If they really want to find out what I'm doing, they'll find out anyway.

Good news about the citizenship/tax issues for those "less rich" US ex-pats who may want to go that route..

The wierd thing about domicile is the aspect of "intent". I'd assume it's difficult to prove a current or past intent (as in estate cases) and essentially impossible to prove a future intent. Yet the burden of proof would seem to be on the prospective taxpayer rather than on the taxing authorities..
I can't say that I'm 100% certain I'll spend the rest of my life in Italy. Circumstances could change and I might want to move back when I get old & decrepit. Let's say I move back to State Y (MA).. are they then going to come after me for 30 years of "back taxes"? Not a pretty thought.
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Re: Leaving US...
Old 01-04-2007, 07:21 AM   #25
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Re: Leaving US...

Quote:
Originally Posted by ladelfina

Let's say I move back to State Y (MA).. are they then going to come after me for 30 years of "back taxes"?
Yes they are
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Re: Leaving US...
Old 01-05-2007, 09:57 AM   #26
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Re: Leaving US...

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Originally Posted by Texas Proud


If you do not have a US address, you will have to see if you can keep your Roth at the institute you have it invested. I lived in London for awhile and some of the people would have loved to invest in the US, but places such as Vanguard and Fidelity would not allow them to use a UK address...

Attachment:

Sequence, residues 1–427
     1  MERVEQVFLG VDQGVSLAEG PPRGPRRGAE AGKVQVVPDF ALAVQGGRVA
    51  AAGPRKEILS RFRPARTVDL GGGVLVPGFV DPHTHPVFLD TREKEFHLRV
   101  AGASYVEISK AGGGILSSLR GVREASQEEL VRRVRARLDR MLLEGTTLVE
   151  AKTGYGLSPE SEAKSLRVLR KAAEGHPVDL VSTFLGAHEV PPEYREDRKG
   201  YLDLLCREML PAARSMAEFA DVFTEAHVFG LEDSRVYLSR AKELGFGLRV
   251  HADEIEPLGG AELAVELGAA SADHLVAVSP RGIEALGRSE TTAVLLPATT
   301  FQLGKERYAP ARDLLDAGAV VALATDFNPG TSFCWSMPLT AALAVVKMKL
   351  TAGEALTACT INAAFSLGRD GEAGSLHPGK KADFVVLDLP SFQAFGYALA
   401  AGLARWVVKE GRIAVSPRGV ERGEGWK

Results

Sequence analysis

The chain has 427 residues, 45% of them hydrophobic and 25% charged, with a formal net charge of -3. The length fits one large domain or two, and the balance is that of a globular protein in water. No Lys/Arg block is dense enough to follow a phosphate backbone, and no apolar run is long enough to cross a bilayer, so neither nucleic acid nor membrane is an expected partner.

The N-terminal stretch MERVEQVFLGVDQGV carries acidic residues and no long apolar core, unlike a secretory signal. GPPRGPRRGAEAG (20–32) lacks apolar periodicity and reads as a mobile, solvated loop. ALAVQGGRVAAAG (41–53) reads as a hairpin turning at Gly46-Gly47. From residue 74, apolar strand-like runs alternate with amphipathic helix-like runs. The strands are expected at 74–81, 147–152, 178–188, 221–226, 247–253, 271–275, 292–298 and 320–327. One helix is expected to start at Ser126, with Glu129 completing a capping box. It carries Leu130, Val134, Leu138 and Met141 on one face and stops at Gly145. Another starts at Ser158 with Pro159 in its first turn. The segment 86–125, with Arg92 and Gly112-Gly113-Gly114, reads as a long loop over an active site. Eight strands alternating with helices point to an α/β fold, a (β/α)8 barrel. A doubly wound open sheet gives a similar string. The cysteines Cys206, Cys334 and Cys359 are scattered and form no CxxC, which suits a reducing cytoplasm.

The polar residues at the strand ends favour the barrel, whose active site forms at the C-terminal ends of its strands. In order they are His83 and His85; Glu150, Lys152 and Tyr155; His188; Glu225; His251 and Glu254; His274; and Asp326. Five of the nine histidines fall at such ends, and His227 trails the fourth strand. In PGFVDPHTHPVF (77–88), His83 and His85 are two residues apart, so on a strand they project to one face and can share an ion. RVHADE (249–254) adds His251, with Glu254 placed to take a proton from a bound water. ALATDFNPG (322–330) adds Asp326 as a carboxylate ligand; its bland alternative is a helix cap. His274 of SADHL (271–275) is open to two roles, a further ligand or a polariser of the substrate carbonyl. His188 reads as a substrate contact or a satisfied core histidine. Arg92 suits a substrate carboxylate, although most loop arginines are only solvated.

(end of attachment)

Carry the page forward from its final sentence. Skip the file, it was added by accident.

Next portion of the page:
don't know about Brazil or UK, but I have had extensive conversations with Fidelity about what happens to my Fidelity accounts (including Roth) when I finally switch my residence from US to Canada. Short answer: they don't care so long as you established the account while in the US. Once you have the account, they will maintain it for you and mail your statements to Canada no problem. And they will not make you switch to Fidelity Canada (thank gawd). DW has a 401b account at Fidelity, and when she changed her residency to Canada a couple of year back, they had no problem changing her mailing address and maintaining the account. On the other hand, Bank of America wouldn't let her keep her Alaska Airline Visa, but made her switch to a Canadian verision. Actually a better deal so long as the Canadian dollar is worth less than the US.

The Roth is another issue since it receives no special tax treatment in Canada. As far as Canada is concerned, it's a taxable brokerage account.

In general, position all your accounts as you want them BEFORE you go abroad. Doing so afterward can be difficult and have tax consequences in the second country. As an example, I was told that, although I can roll my 457 plan into an IRA, if I do it after establishing Canadian tax residency, it is a taxable event.